Miann Scanlan Shares Her Best Fashion Career Advice

A few years ago, I was working as a fashion publicist in Sydney. Fast-forward to now, and I’ve gone coastal and am now a full time wellbeing, business and style blogger—working with major international retail brands consulting on everything from marketing, to events, to social media. With a focus on my wellbeing, I now puts happiness first and work second, which has delivered more success than I imagined.

If you’re looking for a career change, or to get into the fashion industry, keep scrolling for my seven tips and then shop some workwear to get inspired for the new year.

If it doesn’t feel right, don’t do it. Your instincts will always lead you in the right direction. Thinking about signing on with a new business partner but something feels off? That’s the women’s intuition we’ve been blessed with telling you not to go ahead. To strengthen your intuition, practice meditation and mindful decision making.

It’s commonly understood that success comes to those who make careers their number one priority. I once made the mistake of throwing everything I had into my job—my health wasn’t even an afterthought. I wasn’t sleeping, I wasn’t exercising or eating right, and I wasn’t happy—which translated into my work. To produce the best work, you need to have a clear head and a healthy body, so make looking after yourself your number one priority and the success will follow.

Whether you know it or not, you are a walking, talking brand. Every message you emit into the digital and professional world, needs to reflect your brand qualities. Everything from how you communicate in email, to how you dress, to the clients you work with and your business ethics, all inherently define who you are. So every minute of the day keep thinking to yourself “what message does this send out?” It can stop you short from firing off a rude email and tarnishing your brand and from working with a client that doesn’t reflect your values.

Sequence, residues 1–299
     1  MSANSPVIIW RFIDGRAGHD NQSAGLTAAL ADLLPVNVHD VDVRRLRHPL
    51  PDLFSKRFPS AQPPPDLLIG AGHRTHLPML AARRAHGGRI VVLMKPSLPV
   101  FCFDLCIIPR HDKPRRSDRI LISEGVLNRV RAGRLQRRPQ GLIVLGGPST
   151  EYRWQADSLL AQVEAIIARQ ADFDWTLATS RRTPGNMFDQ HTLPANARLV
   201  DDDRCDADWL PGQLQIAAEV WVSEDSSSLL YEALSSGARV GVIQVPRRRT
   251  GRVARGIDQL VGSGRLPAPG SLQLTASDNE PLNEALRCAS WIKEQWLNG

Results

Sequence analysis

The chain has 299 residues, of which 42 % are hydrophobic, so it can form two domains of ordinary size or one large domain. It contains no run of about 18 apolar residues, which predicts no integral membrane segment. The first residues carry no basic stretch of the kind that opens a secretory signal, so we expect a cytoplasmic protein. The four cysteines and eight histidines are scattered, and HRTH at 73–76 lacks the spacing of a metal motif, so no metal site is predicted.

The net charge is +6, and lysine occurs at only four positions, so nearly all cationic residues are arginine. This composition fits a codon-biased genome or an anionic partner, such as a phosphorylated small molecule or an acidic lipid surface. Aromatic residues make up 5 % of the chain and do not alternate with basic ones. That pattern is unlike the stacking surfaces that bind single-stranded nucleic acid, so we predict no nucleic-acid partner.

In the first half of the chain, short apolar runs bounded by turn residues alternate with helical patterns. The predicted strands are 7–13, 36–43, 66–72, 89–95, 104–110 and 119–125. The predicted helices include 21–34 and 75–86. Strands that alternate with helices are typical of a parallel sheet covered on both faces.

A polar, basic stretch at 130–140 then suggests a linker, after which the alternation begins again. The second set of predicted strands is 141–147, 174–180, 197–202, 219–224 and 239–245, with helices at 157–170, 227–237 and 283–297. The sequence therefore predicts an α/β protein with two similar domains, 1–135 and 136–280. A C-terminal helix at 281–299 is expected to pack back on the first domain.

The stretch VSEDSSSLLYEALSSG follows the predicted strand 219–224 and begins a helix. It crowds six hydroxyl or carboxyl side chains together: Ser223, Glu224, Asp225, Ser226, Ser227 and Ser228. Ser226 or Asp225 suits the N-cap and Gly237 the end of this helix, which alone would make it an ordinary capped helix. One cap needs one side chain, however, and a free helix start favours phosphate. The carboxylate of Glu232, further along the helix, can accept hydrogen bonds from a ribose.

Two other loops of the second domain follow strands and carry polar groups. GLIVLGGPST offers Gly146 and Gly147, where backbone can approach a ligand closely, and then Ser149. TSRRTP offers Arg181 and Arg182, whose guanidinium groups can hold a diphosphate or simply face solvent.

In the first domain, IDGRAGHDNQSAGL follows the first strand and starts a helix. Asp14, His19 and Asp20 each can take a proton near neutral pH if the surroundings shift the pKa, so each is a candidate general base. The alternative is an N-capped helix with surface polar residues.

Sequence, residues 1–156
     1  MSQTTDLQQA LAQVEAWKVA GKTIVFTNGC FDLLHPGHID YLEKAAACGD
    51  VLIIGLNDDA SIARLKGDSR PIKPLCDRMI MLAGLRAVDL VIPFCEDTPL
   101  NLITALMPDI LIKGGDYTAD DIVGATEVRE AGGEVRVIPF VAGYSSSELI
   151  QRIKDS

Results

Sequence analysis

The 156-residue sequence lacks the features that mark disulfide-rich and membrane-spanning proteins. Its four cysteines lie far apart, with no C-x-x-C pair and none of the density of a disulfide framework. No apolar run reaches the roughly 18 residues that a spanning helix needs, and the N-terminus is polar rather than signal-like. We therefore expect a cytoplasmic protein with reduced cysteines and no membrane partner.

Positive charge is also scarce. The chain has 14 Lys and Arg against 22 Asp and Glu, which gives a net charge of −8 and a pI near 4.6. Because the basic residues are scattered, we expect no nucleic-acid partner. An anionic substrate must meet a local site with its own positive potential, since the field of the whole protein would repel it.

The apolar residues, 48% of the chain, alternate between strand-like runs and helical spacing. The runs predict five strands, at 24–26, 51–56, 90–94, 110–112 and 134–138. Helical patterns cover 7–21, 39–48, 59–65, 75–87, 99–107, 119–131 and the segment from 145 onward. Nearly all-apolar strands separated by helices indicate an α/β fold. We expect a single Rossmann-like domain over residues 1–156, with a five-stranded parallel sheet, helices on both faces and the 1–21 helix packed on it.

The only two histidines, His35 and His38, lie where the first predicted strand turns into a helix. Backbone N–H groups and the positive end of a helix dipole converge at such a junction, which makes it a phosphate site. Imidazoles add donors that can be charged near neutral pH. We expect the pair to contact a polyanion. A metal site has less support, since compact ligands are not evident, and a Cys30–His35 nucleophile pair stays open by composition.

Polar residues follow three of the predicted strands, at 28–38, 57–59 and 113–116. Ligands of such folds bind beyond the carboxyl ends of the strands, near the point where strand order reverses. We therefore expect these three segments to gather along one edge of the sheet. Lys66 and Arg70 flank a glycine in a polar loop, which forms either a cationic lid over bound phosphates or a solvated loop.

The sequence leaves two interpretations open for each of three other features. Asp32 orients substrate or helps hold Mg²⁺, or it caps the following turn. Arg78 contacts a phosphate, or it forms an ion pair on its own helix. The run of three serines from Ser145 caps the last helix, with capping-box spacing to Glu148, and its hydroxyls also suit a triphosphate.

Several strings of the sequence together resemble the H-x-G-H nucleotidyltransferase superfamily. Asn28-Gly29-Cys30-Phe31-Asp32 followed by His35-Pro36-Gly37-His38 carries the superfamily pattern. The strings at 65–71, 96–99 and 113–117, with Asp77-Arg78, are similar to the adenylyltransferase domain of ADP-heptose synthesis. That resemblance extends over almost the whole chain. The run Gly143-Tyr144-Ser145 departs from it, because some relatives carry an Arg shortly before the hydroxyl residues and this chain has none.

During my very first university lecture, I realised I wasn’t going to learn what I wanted to sitting in that room. After that, I emailed every magazine in town and landed my first internship—and had one consistently for the four years I studied. The moment I graduated, I was the successful applicant from 250 resumes to land my first PR job. It taught me to be creative in your persistence. Want to pick someone’s brain? Offer to take them to lunch. Be the active role in chasing your dreams.

Making the leap from full time to freelance is terrifying, but the fear you feel is an indicator that the risk will be worth the reward. If you hate your job, quit. If you hate your industry, jump to a new one. If your career seems to be on a straight and narrow path, don’t be afraid to completely shake it up.

Hard work doesn’t have to equate to long hours. My favourite business author Tim Ferris explains it all in his book The 4 Hour Work Week, where the name of the game is to get the maximum return from the minimal amount of hours. Maybe you work better if you only check your emails three times a day so you can focus on your projects. Create digital products for automated revenue streams, have a few big clients in place of lots of small ones. 

Having clients in different time zones across the world means I have to be a highly effective communicator, because generally there are only two hours in my day when my clients are in their offices. It’s taught me to problem solve autonomously and to present my client with a solution to a problem, rather than just the problem itself, so they can quickly sign off on my suggestion. It saves on precious email time and minimises stress.